Following the unfollowable
October 18, 2012
Last night I was at the book launch for Artemis Cooper’s amazing biography of Patrick Leigh Fermor, An Adventure. I was honoured to be interviewed, alongside Colin Thubron and Robert MacFarlane, for the Today programme on BBC Radio 4 — you can hear it here.
It was wonderful to gather with people who knew and loved him well. Artemis told me she keeps the postcard I sent her from Heidelberg’s Roten Ochsen Inn inside her first-edition copy of A Time of Gifts. That means a lot.
The evening made me think a lot about what I’m setting out to do with my own writing. As reviews like this make clear, Paddy was a towering figure both in literature and in life, and his presence over my work could perhaps be seen as daunting. But last night really helped bring home what my book is about, and what it’s not.
For a start, it’s not biographical. I’m not writing about Paddy, or even writing about his writing, but about his journey and all the wonder, mystery, wildness and adventure that it opened up for me.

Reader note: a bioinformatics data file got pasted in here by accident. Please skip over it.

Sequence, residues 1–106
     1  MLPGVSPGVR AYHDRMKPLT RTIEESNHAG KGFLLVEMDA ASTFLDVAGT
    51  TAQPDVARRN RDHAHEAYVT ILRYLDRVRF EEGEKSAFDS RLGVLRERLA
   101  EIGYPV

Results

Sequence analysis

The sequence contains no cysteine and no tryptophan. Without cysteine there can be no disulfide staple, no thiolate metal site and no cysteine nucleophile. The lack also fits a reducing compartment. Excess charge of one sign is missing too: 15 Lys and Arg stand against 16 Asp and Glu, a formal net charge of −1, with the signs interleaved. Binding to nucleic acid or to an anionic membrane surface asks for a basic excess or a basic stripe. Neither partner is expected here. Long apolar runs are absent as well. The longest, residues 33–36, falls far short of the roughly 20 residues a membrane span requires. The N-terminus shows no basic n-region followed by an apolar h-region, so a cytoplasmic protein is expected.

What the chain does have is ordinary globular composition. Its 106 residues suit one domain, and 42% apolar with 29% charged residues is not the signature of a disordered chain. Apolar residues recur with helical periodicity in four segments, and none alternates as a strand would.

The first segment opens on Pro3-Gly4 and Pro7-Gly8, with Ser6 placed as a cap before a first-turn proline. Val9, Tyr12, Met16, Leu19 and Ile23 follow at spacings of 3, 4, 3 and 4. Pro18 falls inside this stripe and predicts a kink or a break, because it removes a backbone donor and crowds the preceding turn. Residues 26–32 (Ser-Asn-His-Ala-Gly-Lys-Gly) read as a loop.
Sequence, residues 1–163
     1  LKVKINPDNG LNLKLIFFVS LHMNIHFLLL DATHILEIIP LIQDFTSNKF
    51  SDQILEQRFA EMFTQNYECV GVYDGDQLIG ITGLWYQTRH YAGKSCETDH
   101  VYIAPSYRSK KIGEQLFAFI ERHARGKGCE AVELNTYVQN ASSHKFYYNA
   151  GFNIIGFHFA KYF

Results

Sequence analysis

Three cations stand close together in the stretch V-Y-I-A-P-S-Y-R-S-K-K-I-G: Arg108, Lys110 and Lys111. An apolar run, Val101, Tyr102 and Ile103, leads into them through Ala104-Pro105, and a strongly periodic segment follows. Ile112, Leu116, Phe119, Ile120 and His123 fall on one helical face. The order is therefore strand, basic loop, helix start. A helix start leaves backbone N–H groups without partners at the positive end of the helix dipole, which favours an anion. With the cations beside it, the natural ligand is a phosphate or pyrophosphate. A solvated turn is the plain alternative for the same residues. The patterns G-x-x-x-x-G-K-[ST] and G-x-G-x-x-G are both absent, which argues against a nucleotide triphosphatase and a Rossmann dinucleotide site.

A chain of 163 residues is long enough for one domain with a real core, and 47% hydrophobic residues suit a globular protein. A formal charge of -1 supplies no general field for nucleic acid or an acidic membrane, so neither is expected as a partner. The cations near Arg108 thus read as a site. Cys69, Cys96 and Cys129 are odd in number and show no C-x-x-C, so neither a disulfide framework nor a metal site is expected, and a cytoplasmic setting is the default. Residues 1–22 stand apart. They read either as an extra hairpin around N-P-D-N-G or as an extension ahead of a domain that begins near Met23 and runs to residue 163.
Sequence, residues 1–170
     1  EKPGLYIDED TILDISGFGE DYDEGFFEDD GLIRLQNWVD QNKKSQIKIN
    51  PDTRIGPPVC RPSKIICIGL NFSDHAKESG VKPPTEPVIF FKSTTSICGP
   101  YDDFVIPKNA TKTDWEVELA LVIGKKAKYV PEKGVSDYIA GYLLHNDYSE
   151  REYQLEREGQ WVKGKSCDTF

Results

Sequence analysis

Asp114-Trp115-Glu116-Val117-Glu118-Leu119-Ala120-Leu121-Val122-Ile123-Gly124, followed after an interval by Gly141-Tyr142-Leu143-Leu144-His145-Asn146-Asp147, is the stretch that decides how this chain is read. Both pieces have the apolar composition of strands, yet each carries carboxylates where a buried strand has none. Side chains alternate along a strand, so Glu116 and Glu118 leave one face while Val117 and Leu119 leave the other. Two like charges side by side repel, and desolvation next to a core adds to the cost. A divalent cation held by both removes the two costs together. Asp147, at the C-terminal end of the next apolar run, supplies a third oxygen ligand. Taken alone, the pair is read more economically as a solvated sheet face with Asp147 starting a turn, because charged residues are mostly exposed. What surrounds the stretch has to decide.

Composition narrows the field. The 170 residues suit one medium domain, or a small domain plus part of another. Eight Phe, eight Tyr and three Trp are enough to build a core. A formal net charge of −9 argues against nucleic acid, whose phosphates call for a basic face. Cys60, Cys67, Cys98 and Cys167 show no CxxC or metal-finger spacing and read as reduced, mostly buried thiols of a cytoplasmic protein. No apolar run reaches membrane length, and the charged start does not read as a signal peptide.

It’s not about history, as such. Obviously history underlay every step I took on the road — history was in every hill I climbed, and every face I saw. Of course I’m writing with awareness of immense historical change, and much of my journey involved searching through history’s rubble, both in reality and in imagination. But a book can be saturated in history without being a ‘book about history.’ I’m less concerned with ‘history’ than with ‘stories,’ and especially with the border — far more porous than we know — between history and myth.
Colin Thubron spoke last night of how Paddy is ‘a marvellous example of somebody who can’t be followed.’ This is in my mind as I write — following the unfollowable. I did follow Paddy’s path, but where it leads me will be somewhere else entirely. I followed his route, but the journey is my own. I have to let my story tell itself — and afterwards, when it’s told, I can let Paddy’s presence back in to illuminate what it needs to.
Now I’m six rough chapters into my book, and have retraced my own journey as far as Budapest. I’m loving every minute of it.
Expect updates soon on publishing news. Until then, I strongly recommend you buy a copy of Artemis’ book. It’s a journey in itself.